First up is the image stabilization system. The system on the EF lenses worked great and the story follows with the Canon RF 70-200mm f/2.8L IS USM. Roughly five stops of compensation make images and video easier to shoot when handheld and also makes AF accuracy better.
There is a slight audible sound when the system is working, but not enough to be picked up by microphones when filming. The three different modes of stabilization are also dependent on your shooting situation.
Mode one for general purpose shooting, mode two uses just one axis of stabilization for panning shots, while mode three activates when the shutter is released. The culmination being you can get shutter speeds down to 1/6 of a second at 200mm and possibly beyond.
When it comes to overall sharpness, at 70mm and f/2.8, the corners are ever so slightly soft, but clear up very well by f/5.6. Center sharpness at f/2.8 is very good and looks extremely good from f/4 to f/11, tailing off after f/16.
At 100mm the results are largely the same, with center sharpness looking good at f/2.8 and the best at f/4. At 200mm, the edges and center exhibit some softness at f/2.8, looking the best from f/5.6 to f/11. From f/16 upwards, things start to tail off due to diffraction.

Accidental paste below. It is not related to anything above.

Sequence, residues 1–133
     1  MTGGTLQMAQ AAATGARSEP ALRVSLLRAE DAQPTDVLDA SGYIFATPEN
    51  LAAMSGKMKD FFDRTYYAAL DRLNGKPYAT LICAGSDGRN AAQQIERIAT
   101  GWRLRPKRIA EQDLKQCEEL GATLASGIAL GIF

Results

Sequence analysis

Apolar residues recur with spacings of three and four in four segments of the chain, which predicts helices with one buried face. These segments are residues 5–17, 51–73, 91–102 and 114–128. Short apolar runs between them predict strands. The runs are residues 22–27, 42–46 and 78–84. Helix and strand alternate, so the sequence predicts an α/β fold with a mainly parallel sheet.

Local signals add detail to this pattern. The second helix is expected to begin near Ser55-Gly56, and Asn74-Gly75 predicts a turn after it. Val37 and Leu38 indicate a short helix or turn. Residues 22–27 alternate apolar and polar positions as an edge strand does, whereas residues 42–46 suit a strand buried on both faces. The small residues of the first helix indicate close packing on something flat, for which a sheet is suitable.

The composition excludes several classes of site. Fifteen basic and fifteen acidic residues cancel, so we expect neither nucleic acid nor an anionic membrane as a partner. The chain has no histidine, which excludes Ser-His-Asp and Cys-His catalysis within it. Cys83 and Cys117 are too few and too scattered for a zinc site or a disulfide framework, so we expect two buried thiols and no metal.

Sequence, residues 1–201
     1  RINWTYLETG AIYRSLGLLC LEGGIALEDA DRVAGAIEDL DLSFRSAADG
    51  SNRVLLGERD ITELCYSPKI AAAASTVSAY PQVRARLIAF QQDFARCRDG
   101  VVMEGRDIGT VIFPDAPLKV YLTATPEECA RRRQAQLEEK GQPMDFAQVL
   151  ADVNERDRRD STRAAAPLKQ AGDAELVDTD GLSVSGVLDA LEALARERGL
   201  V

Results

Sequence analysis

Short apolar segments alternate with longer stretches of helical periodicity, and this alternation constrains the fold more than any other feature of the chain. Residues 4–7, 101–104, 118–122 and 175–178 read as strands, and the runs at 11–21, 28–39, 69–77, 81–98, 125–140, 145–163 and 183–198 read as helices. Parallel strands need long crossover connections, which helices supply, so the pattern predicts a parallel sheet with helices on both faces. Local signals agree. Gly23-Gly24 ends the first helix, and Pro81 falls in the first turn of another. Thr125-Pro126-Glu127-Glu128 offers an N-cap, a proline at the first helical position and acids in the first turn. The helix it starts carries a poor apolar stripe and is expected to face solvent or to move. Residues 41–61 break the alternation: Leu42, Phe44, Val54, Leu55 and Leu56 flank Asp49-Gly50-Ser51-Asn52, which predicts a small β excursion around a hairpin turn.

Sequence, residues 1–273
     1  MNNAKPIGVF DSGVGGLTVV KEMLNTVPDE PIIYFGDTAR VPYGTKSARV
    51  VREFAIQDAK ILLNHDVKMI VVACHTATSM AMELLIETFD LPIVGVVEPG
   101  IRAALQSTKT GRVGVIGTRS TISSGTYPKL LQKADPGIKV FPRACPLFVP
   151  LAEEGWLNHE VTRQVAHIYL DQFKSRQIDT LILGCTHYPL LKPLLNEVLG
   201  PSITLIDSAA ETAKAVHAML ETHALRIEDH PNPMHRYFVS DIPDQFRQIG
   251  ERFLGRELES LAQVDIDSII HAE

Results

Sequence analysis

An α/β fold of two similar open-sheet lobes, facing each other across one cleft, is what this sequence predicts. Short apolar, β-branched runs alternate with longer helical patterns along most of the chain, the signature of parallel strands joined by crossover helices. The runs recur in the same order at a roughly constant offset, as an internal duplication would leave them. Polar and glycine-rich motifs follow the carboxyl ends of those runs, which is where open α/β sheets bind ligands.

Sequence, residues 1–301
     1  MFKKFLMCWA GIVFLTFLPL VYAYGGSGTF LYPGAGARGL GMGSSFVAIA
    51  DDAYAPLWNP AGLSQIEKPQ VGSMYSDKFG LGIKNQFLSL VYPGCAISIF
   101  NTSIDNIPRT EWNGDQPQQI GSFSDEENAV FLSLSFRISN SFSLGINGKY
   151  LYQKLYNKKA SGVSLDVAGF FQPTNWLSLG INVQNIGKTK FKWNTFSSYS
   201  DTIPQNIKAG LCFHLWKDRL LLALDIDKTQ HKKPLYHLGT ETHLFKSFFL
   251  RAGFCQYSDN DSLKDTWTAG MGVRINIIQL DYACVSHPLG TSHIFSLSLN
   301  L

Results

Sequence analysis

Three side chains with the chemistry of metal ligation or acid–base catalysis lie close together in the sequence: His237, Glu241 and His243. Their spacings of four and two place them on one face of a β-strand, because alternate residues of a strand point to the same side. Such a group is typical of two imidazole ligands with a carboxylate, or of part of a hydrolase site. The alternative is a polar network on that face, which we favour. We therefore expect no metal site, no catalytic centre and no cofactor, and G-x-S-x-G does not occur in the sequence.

The AF workings comprises of the Dual Nano USM system, which takes the best bits of the USM and an STM motors to provide the quickest and quietest functionality. This works great in reality and tripped up a few times when in very low light conditions.
As for lens anomalies, chromatic aberration is almost non-existent and any flaring exhibited only crops up when shooting directly into the sun.
How Does It Compare?
The Canon EF 70-200mm f/2.8L IS III USM is the obvious comparison lens here. But, to be used on a mirrorless body, you will need an adapter. This EF version is a fine example of the breed and the go-to lens for Canon users.
If you’re still using a DSLR body, then this is the lens to use. On the mirrorless platform, a native lens is the way to go, which makes the new version the de facto standard.
Both lenses have similar features, such as image stabilization and comparable optics. So, the comparison is more for peripheral knowledge than anything else.
|Canon RF 70-200mm f/2.8L IS USM||Canon EF 70-200mm f/2.8L IS III USM|
|Optics||17 elements / 13 groups||23 elements / 19 groups|
The only real anomaly with the Canon RF 70-200mm f/2.8L IS USM is slight softness when shooting at 200mm at f/2.8. In all other respects, this lens is a great all-round performer and the extending lens barrel is no issue in the real world.
The autofocusing system is both quick and accurate and linked with the image stabilization, which makes the lens useful in many situations. Add into the equation the programmable control ring which makes the whole setup a worthy next step from the EF version.
At this stage, prices are still expensive, but considering the Canon RF 70-200mm f/2.8L IS USM is smaller and lighter than the EF version, it’s going to be the lens of choice if you go for mirrorless. In total, an excellent lens worthy of being the next step in the evolution of the 70-200mm.